Modern Product Development

Software Products are unique beast. They become the fundamental driver for half-trillion dollar companies or they get lost in the electronic graveyard with no users (sometimes losing a billion dollar on the way). 
So, given such vast variance of +$500,000,000,000 to -$1,000,000,000 in value creation, Product Owners/Stake-holders should be focusing on assembling the most skilled development team on earth. But, while building the most important component of their success, they burden themselves with arbitrary constraints they put on themselves, with some pretty outdated thinking.

1. They try to build a local team from their local city: Considering that Software Professionals are in high demand, and most cities really have small populations, and all the good developers are already taken by other firms in the city, Mathematically, this is the worst approach to hiring. The odds are heavily stacked against your success of building a talented local team.

2. They try to outsource software development to external vendors: Typically done by selecting a vendor. So, the vendor with the flashiest presentation or marketing gets the contract without a single thought to what team will eventually be building the software. Vendors are also mostly incentivezed to run-up the costs, accept unnecessary requirements and hire average developers to do the bare minimum. With this approach you’d also be giving away many of your core competencies, control and direction of the product development.

3. They do the search themselves: Organizations simply don’t have the tools to reach the global network of talent, interview them and get the best out of them.

4. They want traditional employment commitment: Software Developers are creative. They have ebbs and flows in their motivation and productivity. Ideally, all organizations don’t know how to manage this bursts of creativity and low-productivity cycles. The entity that knows when they are motivated and when they are not are the individual themselves. But, if an individual chooses only to work on the days he is feeling creative or productive, the practice is frowned upon or worse get the individual fired.

5. They expect ‘employees’ to keep up with every latest technology: As devices, platforms, services, languages, methodologies, frameworks explode it becomes humanly impossible for a single organization and it’s employees to keep up with everything including it’s best practices and anti-patterns. Global Talent force is going to specialize and you can’t hire every expert in your firm because it is counter-intuitive to small-product teams.

So, how do we solve this problem?. We have mastered the art of building resilient, robust, scalable computing systems. Why not apply the same principles to building an organization. Microservices architecture is a growing trend in many successful software organizations. Microservices help decompose modules/tasks as service APIs that can be designed with tools/languages/platforms that excel in solving that one thing. You can then decompose your teams by Microservices talking through APIs and Service calls. Once you decompose your software in this manner, there is no reason for you to build the entire team in-house due to the problems mentioned above.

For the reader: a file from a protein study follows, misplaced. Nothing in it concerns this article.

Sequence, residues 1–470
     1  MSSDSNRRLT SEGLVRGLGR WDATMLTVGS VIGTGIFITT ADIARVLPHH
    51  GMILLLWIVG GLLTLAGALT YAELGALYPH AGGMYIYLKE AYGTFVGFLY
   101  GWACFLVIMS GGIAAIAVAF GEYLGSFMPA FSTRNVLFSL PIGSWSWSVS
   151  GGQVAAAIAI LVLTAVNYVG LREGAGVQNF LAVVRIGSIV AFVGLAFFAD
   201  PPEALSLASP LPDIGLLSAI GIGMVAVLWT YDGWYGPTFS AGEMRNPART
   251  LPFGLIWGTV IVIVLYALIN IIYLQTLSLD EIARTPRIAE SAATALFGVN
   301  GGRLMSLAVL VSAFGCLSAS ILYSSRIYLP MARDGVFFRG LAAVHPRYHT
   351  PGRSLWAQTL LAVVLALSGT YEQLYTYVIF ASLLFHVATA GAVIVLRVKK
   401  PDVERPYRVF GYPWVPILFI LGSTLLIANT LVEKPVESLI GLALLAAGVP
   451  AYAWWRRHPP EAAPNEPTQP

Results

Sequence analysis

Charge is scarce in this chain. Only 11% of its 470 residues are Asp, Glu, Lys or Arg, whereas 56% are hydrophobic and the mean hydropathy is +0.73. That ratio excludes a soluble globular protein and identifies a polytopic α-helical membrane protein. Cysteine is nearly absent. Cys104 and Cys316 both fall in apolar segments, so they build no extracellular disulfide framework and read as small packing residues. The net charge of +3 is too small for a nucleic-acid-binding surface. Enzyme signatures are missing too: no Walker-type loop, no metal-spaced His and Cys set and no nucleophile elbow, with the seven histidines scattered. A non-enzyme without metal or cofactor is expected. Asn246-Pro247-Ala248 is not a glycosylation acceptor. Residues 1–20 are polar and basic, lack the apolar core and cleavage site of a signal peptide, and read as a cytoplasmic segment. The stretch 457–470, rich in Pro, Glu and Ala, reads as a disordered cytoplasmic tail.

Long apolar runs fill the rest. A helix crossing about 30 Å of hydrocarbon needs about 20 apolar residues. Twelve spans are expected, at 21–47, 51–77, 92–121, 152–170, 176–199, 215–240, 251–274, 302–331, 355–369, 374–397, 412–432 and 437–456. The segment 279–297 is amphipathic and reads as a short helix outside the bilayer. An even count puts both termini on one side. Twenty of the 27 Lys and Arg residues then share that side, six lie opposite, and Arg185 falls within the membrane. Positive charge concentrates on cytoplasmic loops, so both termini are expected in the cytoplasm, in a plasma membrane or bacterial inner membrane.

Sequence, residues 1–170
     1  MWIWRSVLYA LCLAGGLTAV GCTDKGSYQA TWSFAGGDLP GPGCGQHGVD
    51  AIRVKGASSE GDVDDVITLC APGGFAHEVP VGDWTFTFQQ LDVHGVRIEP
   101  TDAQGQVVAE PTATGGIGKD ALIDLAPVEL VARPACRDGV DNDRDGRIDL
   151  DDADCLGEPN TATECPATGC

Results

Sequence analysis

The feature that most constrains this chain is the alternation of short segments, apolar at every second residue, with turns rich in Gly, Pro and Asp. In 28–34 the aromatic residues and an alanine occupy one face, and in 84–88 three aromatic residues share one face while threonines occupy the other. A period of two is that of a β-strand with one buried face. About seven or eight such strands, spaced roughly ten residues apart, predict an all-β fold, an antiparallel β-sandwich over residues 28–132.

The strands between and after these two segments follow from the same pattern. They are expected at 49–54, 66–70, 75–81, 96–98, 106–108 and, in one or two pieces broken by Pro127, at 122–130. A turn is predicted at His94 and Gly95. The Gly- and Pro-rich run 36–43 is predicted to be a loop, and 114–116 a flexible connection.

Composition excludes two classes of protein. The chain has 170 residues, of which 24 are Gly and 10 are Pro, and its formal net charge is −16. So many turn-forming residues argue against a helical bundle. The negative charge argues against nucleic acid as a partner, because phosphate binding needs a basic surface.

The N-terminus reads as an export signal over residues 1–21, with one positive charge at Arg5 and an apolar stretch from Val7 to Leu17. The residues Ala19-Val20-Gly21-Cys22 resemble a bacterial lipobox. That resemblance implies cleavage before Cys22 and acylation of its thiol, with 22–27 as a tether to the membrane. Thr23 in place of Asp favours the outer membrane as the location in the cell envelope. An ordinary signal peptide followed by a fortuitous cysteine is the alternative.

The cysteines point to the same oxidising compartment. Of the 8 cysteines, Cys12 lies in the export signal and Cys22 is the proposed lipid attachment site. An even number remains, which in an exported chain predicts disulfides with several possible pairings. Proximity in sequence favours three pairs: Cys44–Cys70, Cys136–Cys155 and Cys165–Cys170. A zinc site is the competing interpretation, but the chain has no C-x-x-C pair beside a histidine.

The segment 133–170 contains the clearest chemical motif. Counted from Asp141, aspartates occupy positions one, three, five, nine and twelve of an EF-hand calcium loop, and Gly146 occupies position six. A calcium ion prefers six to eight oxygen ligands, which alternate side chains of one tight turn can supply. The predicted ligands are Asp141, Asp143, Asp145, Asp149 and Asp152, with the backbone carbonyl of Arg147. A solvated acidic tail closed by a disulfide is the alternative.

- We know there exists a global pool of talent who are exceptional in what they do.
- We know this talent pool can be made available, on-demand.
- We know this talent pool has excess capacity that can be utilized.
- We know this talent pool are independent, organize themselves and have workstations, tools and licenses in their reportoire that you don’t have to manage yourself.
- Due to advances in Microservices architecture and practices, we know we can break tasks/modules into individual microservices and assign them to independent talent pools with clearly defined APIs and SLAs.
- A good Microservices architecture would even lend to competitive bidding on talent pools providing APIs and SLAs.

However, this distributed, highly-performant, indepedent agent/actors need a smart service broker to 
- select the best agent among a pool of available ones.
- continuosly monitor their performance and SLAs.
- bring up/down agents based on reliability, demand.

Organizations now only have to interface with the Smart Service Broker to not only access the best global talent with specialized skills, but also make them available on-demand to scale up and down/pivot the product development chain.

Companies like TopTal act as Smart Service Broker giving you a higher chance of success in the increasingly competitive marketplace.

Modern Software Organizations have to adapt to this style of creating products or get crushed by firms who would do so.

Software Developers on the other hand, should join a Software Development Community where they can lend their expertise to the talent pool and help companies to leverage your unique talent.